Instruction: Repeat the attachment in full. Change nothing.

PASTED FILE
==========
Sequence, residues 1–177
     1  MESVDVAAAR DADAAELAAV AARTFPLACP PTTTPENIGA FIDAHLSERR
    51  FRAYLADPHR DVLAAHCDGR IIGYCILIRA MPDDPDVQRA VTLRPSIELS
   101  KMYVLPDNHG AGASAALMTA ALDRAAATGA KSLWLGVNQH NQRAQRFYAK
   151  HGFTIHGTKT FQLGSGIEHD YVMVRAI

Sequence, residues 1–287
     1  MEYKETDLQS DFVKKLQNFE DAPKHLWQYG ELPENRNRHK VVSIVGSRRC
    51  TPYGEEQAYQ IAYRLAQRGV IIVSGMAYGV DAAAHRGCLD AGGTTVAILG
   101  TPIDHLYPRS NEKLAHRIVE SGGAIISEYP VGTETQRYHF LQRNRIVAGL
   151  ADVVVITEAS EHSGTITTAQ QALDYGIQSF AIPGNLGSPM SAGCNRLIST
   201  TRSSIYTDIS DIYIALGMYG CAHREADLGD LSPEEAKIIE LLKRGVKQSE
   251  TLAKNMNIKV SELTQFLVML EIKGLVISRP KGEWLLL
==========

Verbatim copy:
Sequence, residues 1–177
     1  MESVDVAAAR DADAAELAAV AARTFPLACP PTTTPENIGA FIDAHLSERR
    51  FRAYLADPHR DVLAAHCDGR IIGYCILIRA MPDDPDVQRA VTLRPSIELS
   101  KMYVLPDNHG AGASAALMTA ALDRAAATGA KSLWLGVNQH NQRAQRFYAK
   151  HGFTIHGTKT FQLGSGIEHD YVMVRAI

Sequence, residues 1–287
     1  MEYKETDLQS DFVKKLQNFE DAPKHLWQYG ELPENRNRHK VVSIVGSRRC
    51  TPYGEEQAYQ IAYRLAQRGV IIVSGMAYGV DAAAHRGCLD AGGTTVAILG
   101  TPIDHLYPRS NEKLAHRIVE SGGAIISEYP VGTETQRYHF LQRNRIVAGL
   151  ADVVVITEAS EHSGTITTAQ QALDYGIQSF AIPGNLGSPM SAGCNRLIST
   201  TRSSIYTDIS DIYIALGMYG CAHREADLGD LSPEEAKIIE LLKRGVKQSE
   251  TLAKNMNIKV SELTQFLVML EIKGLVISRP KGEWLLL